“I’m officially embarrassed,” one Red Wings fan, Brent Latam, wrote on Twitter. Nicknames proposed by disgruntled fans for the new arena included The Oven, Pizzarena, The Frozen Pizza and Voldemort arena (“because I will never refer to it by name”).

But if Cleveland fans could get used to showing up at Quicken Loans Arena, where the Cavaliers play, then surely Detroit fans can cope with a gym named after a pizza conglomerate, even one that fails to use an essential apostrophe in its title. “Welcome to Little Caesars Arena, the newest, most exciting arena in the world!” blared a loudspeaker from the side of the building as fans arrived for a recent game.

Charlie Metzger, the Pistons’ chief revenue and marketing officer, said the team was pleased with how things had gone so far. More than 80 percent of last year’s season-ticket holders came back, he said, and the team added 3,000 new ones.

“There’s an adjustment period,” he said, “but over all the reaction we’ve gotten has been very, very positive. In addition to its being a brand-new building, the excitement is in being part of what’s happening in the city.”

Sure, there are fans who feel aggrieved about what they see as a hockey-centric atmosphere, reflected in the steeply graded seats and in what seems to be a disproportionate array of Red Wings memorabilia scattered about the ground-floor concourse. The arena is full of statues of hockey players like Gordie Howe and Ted Lindsay, while famous Pistons like Isiah Thomas and Joe Dumars have to settle mostly for appearing in photographs suspended from the ceiling.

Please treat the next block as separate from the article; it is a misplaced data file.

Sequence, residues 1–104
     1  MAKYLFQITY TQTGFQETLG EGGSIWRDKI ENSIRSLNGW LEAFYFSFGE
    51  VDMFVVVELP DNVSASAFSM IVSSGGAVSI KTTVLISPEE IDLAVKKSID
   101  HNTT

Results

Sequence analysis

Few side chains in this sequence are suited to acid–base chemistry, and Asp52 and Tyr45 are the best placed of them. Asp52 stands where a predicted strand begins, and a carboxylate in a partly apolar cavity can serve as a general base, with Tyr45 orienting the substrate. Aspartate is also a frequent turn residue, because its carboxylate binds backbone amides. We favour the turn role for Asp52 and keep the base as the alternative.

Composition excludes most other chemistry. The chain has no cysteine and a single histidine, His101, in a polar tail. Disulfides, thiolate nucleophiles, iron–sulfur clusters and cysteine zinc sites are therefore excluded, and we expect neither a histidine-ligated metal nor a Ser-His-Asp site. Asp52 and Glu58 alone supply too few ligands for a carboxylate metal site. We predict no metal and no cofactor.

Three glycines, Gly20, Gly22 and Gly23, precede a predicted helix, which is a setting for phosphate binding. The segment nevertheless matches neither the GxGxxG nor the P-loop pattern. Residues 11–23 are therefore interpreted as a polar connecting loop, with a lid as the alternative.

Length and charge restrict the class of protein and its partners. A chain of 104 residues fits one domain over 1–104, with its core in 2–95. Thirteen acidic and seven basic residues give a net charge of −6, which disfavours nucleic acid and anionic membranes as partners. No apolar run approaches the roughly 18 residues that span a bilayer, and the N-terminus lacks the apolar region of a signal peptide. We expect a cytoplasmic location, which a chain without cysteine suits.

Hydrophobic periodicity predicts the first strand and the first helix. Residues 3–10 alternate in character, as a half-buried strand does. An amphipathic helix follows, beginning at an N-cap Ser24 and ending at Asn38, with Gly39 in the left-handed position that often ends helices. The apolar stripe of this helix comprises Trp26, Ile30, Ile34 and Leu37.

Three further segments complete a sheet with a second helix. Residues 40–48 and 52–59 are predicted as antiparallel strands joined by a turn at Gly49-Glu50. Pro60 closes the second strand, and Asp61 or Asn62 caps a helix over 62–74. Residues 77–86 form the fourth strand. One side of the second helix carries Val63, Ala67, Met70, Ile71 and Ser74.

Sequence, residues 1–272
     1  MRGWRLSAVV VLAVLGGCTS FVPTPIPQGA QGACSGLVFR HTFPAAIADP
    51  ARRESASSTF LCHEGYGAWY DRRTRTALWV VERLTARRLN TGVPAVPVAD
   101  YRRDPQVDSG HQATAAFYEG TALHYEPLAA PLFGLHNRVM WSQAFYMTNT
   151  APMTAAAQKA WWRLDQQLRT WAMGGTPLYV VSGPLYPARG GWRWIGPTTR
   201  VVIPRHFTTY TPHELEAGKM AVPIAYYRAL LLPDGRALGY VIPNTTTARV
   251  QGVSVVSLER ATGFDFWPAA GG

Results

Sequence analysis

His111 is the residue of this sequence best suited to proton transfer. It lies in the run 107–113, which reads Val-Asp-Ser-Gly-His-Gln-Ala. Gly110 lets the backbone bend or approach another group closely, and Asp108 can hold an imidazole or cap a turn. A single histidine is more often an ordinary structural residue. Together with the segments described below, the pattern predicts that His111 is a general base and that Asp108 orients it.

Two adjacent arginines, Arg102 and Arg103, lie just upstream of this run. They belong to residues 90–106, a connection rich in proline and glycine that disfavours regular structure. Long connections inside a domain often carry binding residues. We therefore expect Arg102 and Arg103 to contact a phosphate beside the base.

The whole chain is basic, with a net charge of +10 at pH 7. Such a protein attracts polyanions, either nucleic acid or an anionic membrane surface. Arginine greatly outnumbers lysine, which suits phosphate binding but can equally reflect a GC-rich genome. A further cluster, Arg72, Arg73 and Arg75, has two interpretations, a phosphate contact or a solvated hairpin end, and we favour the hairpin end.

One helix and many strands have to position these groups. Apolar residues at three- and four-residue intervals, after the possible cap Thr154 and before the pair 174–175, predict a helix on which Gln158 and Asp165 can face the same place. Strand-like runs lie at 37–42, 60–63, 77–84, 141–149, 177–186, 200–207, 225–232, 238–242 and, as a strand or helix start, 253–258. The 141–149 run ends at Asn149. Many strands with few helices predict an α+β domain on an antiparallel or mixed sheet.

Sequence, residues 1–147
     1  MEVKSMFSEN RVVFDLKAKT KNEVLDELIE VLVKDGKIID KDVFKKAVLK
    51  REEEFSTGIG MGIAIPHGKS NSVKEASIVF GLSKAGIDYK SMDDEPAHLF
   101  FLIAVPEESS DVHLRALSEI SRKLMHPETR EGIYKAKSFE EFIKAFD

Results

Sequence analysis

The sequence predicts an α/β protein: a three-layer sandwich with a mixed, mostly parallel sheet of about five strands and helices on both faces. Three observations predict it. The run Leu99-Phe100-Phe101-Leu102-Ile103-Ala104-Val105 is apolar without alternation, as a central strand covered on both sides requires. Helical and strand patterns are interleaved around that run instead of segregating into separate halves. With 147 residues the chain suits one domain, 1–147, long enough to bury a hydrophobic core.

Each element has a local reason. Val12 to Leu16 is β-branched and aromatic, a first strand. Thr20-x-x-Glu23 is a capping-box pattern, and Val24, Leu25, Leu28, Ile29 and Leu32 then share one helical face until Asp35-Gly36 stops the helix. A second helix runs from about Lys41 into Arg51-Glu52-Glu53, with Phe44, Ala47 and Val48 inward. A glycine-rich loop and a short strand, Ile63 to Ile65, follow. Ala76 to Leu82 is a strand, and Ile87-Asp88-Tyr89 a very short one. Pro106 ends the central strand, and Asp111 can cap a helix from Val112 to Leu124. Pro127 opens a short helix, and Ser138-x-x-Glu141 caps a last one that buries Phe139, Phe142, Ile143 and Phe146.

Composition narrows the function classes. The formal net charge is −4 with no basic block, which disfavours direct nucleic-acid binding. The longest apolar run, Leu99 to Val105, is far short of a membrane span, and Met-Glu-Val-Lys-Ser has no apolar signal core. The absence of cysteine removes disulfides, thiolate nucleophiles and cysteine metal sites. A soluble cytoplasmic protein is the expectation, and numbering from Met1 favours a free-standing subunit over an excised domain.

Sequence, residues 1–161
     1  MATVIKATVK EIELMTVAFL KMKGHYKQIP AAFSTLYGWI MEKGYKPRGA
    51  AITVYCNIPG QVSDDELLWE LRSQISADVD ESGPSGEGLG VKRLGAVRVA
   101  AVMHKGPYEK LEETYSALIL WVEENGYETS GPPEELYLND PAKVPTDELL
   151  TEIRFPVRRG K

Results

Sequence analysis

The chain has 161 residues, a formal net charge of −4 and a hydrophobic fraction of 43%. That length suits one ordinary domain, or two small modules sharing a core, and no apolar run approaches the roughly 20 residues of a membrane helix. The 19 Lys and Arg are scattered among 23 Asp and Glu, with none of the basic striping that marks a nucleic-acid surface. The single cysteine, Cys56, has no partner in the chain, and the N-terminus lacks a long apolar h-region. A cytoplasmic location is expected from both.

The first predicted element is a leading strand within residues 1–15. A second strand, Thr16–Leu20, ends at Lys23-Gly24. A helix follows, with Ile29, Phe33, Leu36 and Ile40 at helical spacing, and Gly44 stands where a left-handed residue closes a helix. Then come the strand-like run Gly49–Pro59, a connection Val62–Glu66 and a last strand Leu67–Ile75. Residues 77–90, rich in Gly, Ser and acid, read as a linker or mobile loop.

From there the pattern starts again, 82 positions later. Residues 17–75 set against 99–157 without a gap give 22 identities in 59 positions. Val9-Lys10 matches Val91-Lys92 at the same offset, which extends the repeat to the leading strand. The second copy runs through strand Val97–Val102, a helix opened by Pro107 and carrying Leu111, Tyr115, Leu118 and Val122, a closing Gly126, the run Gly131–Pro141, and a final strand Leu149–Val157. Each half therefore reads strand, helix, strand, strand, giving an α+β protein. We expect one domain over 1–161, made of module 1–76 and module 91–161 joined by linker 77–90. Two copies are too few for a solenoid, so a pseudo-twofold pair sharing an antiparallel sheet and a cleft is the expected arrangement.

The thought is not lost on the players, either. Little Caesars looks “more like a hockey arena,” the Pistons’ star center, Andre Drummond, tweeted in September.

He told reporters: “I went down there last month, and I just felt there’s a lot of hockey stuff. I’m like, damn, I mean, I understand we’re sharing the arena, but … ”

Metzger said the memorabilia display was a work in progress. “We’re working closely in partnership with the Wings to make sure that both teams are properly represented,” he said.

The point guard Reggie Jackson said he was not thrilled about playing with ice under the floor, a state of affairs that Little Caesars, of course, shares with many other combination arenas.

“I don’t think people know, especially when the ice is under there, it’s a little bit colder,” Jackson said last month. “You’re breathing cold air while you’re trying to exercise, the first thing that happens is it goes to your chest.”

At the Timberwolves game, the mood was gently benign rather than raucously enthusiastic. The arena did its best to stir the fans’ passions, such as they were. Music blasted out across the crowd. “WE FEEL YOUR EXCITEMENT,” said the Jumbotron, a sentiment that under the circumstances felt more aspirational than descriptive. Although the Pistons dominated the game, the crowd seemed to respond most vociferously when workers roamed the stands dispensing giant Michigan state lottery cards.

But it’s hard not to love Little Caesars, which fits so seamlessly into its city.

“Before, this was a no-go area, full of derelict land and abandoned buildings,” said Craig Hepworth, who was on a brief return visit to Detroit after moving to Florida in search of the sun. “It’s great to be able to stay downtown and do stuff instead of just getting in your car and driving away right after a game.”

“If Detroit gets any nicer,” he added, “we’ll have to move back.”